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Re: Should We Fight Piracy?

[ Edited ]
Apr 19, 2014

JohnKarnes wrote:

Yes we should Fight Piracy. But we should do it the way steam and Playstation is doing it today. Sales! We talk about a limited window for game sales, but up to the present time. We never saw any big game sales. They sold them then they were gone off the shelfs. Not all but i feel a big part of Piracy is from people that cant afford the price. The greatest hits games at $19.99 slowed it a lot. But you have to think sub $10 games will deal another big blow to Piracy.

 

(The "but... but... but... Steam!" argument is not applicable and here's why; Steam are not selling games that cheap to be "swell guys". In most instances they are selling games that cheap because they are no longer selling in volume anymore. It's not a bargain that you can buy a five to seven year old game for three bucks. At that point you're doing them a favor. Also Sony sells other stuff besides video games, and they will not deliberately under cut themselves on their own product, and risk alienating retailers like Best Buy, Target, and Wal Mart. When was the last time you saw PC games in a store, or at least a wide selection of them?) 

 

I would also like to see a tax credit for Devs that have lowered the cost of games. How could it hurt to sell games for $9.99 or less after 3-5 years. Many of us are buying games on sale we would never have picked up new. Is it the smaller proffit that makes this not worth the trouble to Devs? I dont know but it is proffit and it will halp low income people stay honest.

 

(Many states and municipalities already give tax breaks to new start up businesses, and to lure buisnesses into certain areas. If you're suggesting giving sales tax breaks to consumers, not gonna happen. This once again falls under the "swell guys" line of thinking that many think should run the industry)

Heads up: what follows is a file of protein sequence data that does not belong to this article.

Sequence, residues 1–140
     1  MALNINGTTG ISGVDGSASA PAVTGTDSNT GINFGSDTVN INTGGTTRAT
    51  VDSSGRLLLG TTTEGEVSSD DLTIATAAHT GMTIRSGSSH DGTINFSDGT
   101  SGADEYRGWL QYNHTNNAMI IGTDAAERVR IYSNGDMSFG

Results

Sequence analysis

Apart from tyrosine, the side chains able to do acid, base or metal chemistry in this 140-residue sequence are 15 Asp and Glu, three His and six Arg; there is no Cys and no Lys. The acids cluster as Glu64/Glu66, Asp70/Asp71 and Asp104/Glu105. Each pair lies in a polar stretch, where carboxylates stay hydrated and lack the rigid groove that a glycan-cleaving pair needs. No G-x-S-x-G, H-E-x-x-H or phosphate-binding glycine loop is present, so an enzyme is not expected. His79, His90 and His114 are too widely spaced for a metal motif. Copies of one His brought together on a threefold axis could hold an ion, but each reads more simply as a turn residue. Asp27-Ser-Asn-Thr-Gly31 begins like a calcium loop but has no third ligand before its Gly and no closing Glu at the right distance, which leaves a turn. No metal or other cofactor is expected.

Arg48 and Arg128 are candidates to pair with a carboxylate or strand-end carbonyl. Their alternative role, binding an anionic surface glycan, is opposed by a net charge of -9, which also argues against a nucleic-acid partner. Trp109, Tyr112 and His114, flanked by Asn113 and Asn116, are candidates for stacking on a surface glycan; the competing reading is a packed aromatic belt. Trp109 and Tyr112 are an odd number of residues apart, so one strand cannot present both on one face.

Take the PS3 you could double or triple the life of it by turning it into a steam box. Old games sell you just have to be willing to lower the price. Take $10 off a year and people will continue to buy it. Turn it digital only after a year and keep it going. Why is it that long turm game sells are Taboo. With Retail yes because of production cost. But the new digital market there is no reason not to.

 

 

(Here's why the industry doesn't like "long term game sales". It's because it prevents you from buying NEW games. If you're buying old games at a lower profit margin, then you're not buying NEW games at a higher profit margin. And if we went by your business model, I wouldn't have saved twenty bucks games like Mafia 2 that was only about three weeks old and discounted $20 at Best Buy. I've saved more money my way than I would if we waited it out and did it your way.

 

Retail has an advantage over digital games and here's why; because retailers like Best Buy, Target, Toys R Us and Wal Mart COMPETE to get you in the store. How do they do that? By giving you DISCOUNTS on certain merchandise like video games. Digital distribution does not have that kind of competition. I can't buy a digital game from Target's site or Best Buy. I have to buy it from  the Playstation Store. No competition = pay higher prices.  

 

I've never understood this obsession with Steam. This is what's always bothered me about Steam. When I pay money for a game, I want THE GAME. I'm not paying for the privilege of installing their digital store front on my PC, that will crash it or do god knows what else.  For all the gamepad legal experts out there, no one has caught on that what Valve and Steam does is questionable to say the least. The United States Supreme Court ruled in 1999 in the case of The US v. Microsoft that it was illegal to bundle a third piece of software and FORCE people to use it. Also by incorporating the Steamworks program into a game's code, it shuts it off from being sold on any other download service like Direct2Drive. Looks like Gabe Newell learned that little trick when he worked for Microsoft. Yet "gamers" who are all so quick to file class action lawsuits against Sony, give Valve a free pass when it comes to this. Guess three dollars for a ten year old game saves you a lot of money on lawyers). 

 


 

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